US and Canada follow EU and UK in sanctioning Chinese officials over Xinjiang
Britain and the EU have taken joint action with the US and Canada to impose parallel sanctions on senior Chinese officials involved in the mass internment of Uighur Muslims in Xinjiang province in the first such western action against Beijing since Joe Biden took office.
The move also marked the first time in three decades that the UK or the EU had punished China for human rights abuses, and both will now be working hard to contain the potential political and economic fallout. China hit back immediately, blacklisting MEPs, European diplomats and thinktanks.
The US and Canada also imposed sanctions on several senior Chinese officials as part of the coordinated pressure campaign.
The UK foreign secretary, Dominic Raab, said China’s treatment of the Uighur minority was “the largest mass detention of an ethnic and religious group since the second world war”. Evidence of repression in Xinjiang “is clear as it is sobering”, he said.
The sanctions will be imposed immediately and include travel bans and asset freezes on four officials, Raab told MPs.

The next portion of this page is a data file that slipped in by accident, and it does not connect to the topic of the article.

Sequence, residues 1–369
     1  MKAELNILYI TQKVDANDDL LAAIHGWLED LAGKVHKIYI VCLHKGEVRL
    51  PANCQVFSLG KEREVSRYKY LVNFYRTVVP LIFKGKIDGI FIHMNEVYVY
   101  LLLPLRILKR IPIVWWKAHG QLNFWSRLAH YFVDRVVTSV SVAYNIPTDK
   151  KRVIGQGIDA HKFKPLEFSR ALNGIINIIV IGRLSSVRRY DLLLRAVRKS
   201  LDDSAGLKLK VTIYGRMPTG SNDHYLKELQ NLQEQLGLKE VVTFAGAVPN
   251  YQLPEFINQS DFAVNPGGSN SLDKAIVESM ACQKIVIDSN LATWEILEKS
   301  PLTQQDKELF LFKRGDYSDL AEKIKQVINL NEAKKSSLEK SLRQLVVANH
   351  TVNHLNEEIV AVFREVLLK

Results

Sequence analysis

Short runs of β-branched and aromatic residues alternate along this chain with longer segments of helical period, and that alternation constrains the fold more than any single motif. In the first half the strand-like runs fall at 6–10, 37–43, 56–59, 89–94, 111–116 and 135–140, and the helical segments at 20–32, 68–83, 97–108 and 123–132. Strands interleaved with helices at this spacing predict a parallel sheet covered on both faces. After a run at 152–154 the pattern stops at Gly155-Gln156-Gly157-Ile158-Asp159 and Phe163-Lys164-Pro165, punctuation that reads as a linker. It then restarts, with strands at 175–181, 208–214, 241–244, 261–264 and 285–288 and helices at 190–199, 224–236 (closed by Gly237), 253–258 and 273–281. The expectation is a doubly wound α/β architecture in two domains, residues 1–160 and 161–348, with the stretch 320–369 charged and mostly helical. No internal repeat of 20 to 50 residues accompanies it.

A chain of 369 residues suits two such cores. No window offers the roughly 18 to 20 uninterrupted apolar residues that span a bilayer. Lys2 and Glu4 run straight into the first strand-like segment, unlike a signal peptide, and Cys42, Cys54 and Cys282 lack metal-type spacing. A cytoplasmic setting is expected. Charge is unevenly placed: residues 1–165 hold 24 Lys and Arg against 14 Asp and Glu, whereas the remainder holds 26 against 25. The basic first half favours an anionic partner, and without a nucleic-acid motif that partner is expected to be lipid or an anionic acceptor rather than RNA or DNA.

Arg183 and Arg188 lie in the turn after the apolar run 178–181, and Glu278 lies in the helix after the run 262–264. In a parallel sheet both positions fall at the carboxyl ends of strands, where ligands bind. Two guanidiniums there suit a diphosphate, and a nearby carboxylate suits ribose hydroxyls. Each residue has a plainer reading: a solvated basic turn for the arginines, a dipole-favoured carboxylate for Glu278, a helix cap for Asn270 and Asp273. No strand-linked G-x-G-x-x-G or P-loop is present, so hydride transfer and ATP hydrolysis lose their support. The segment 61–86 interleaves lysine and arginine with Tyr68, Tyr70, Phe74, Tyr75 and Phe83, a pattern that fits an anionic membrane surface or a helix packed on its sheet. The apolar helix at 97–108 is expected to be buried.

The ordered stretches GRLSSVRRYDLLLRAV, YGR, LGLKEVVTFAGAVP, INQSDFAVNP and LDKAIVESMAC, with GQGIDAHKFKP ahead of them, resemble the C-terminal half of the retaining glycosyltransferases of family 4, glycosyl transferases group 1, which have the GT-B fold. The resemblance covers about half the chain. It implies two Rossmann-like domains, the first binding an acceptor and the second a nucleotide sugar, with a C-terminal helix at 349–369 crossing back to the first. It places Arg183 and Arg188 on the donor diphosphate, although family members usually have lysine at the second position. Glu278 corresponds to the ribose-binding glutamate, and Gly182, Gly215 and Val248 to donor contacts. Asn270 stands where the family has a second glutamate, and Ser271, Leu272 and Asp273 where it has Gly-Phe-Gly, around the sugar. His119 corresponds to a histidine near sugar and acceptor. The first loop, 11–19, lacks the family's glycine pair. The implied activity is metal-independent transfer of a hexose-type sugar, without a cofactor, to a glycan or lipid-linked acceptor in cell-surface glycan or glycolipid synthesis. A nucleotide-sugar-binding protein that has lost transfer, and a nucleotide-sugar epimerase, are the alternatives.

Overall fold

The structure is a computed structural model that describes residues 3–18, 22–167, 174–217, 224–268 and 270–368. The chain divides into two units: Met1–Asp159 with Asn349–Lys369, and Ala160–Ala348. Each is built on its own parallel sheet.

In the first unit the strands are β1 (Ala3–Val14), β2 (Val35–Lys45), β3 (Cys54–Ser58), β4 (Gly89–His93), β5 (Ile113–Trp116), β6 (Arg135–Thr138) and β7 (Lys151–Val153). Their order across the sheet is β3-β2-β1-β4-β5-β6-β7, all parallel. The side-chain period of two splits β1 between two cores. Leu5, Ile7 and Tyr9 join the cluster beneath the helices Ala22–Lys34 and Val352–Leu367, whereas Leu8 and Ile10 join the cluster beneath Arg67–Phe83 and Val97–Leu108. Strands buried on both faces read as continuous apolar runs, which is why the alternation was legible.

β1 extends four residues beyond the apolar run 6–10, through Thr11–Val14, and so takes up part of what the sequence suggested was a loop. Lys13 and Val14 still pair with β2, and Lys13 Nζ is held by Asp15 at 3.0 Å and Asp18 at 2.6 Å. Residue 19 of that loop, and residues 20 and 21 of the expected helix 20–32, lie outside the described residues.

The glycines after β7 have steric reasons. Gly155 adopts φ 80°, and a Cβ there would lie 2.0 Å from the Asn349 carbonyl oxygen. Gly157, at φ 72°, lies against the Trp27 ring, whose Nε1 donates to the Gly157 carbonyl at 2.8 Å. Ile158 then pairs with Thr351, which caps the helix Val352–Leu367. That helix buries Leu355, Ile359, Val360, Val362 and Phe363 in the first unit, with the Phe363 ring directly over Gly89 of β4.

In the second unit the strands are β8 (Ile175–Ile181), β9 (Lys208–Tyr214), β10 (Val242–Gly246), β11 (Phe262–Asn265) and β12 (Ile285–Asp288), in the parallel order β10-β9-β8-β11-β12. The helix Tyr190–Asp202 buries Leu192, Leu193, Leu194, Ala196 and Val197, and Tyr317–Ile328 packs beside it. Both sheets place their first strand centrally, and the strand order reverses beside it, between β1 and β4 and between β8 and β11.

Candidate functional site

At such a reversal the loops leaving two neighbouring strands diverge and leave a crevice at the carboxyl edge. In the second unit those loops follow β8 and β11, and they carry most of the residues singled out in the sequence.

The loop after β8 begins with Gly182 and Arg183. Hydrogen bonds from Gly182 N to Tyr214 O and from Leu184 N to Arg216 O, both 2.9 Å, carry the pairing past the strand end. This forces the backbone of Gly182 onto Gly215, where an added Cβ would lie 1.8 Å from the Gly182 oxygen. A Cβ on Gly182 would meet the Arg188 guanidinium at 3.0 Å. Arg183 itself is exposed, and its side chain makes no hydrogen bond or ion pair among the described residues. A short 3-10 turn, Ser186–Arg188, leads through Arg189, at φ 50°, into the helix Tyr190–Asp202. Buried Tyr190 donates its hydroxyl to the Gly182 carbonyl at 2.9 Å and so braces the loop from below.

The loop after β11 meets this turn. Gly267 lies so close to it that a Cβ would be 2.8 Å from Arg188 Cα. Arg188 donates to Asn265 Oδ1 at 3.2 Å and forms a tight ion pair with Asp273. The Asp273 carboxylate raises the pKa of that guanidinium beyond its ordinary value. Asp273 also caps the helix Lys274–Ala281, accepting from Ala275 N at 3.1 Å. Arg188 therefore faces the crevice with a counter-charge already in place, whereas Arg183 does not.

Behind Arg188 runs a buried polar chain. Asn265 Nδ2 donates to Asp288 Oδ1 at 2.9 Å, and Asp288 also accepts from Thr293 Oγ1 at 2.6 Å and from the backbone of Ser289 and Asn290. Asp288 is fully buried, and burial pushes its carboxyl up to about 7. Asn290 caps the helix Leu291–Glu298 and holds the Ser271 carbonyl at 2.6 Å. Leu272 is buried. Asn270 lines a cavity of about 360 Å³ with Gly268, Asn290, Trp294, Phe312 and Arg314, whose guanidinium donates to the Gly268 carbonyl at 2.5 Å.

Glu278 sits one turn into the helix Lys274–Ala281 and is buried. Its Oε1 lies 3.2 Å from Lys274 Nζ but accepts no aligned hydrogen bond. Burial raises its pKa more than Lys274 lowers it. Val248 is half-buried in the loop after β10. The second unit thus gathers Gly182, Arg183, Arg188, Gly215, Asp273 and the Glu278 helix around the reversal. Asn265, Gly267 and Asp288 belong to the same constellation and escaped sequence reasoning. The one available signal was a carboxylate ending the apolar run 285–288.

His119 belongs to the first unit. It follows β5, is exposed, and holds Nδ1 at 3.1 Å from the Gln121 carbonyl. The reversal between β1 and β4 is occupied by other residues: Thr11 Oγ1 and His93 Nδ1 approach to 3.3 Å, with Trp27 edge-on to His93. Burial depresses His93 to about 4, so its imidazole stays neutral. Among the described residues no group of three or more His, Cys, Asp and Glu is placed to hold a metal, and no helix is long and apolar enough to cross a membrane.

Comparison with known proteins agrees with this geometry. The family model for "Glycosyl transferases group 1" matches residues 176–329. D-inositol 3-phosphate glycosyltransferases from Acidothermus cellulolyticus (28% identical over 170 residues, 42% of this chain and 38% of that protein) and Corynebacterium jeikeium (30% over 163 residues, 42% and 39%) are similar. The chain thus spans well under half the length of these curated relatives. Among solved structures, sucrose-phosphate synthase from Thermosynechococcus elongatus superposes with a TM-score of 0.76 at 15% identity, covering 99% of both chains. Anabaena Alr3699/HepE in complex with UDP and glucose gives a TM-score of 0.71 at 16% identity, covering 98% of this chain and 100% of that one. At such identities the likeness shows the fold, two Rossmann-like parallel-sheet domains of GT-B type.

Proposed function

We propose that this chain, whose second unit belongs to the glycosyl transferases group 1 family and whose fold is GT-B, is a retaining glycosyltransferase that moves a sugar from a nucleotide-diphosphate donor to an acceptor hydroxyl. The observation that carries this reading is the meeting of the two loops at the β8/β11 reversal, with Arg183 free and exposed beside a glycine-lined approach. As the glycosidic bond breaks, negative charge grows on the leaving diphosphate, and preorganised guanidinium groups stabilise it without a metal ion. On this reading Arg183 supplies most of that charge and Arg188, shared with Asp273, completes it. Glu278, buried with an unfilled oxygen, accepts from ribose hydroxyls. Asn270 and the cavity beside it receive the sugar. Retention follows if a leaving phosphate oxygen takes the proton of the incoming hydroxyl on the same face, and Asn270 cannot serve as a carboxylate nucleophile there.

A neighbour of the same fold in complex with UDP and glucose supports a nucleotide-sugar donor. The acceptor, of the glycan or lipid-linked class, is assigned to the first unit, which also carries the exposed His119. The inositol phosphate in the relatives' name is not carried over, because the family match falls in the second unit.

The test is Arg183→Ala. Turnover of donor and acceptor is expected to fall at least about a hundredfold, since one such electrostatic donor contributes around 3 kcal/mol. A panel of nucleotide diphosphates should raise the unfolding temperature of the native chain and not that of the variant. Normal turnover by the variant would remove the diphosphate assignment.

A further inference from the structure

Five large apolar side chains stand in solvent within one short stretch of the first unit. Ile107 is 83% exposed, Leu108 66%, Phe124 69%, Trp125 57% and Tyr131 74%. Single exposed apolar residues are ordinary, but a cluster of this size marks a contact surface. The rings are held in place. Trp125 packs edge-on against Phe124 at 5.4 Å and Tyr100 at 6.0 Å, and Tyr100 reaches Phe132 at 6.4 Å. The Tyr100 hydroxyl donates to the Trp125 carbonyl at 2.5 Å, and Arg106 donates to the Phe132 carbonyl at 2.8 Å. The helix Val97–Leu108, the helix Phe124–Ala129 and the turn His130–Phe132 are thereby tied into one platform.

“Amid growing international condemnation, [China] continues to commit genocide and crimes against humanity in Xinjiang,” said the US secretary of state, Antony Blinken. “We will continue to stand with our allies around the world in calling for an immediate end to the PRC’s crimes and for justice for the many victims.”
The Chinese ambassador to the EU, Zhang Ming, had given advance warning that there would be countermeasures, including against those organisations spreading “lies” about the situation in Xinjiang. China also said it was sanctioning 10 EU individuals and four entities. The German Green politician Reinhard Bütikofer, an active voice in the Inter-Parliamentary Alliance on China (IPAC), a group that attempts to reform the approach of democratic countries to China, was among five MEPs sanctioned. Two academics were also targeted.
In a statement, China said: “The Chinese side urges the EU side to reflect on itself, face squarely the severity of its mistake, and redress it. It must stop lecturing others on human rights and interfering in their internal affairs. It must end the hypocritical practice of double standards.”
Guy Verhofstadt MEP, the chair of the conference on the future of Europe, said: “China just killed the EU-China Investment Agreement by sanctioning the people criticising slave labour [and] genocide in Xinjiang. How could we ever trust them to improve the human rights situation of the Uighurs if they simply call it ‘fake news’?”
Activists and UN experts say at least 1 million Muslims are detained in camps in Xinjiang. China denies rights abuses and says its camps provide vocational training and are needed to fight extremism.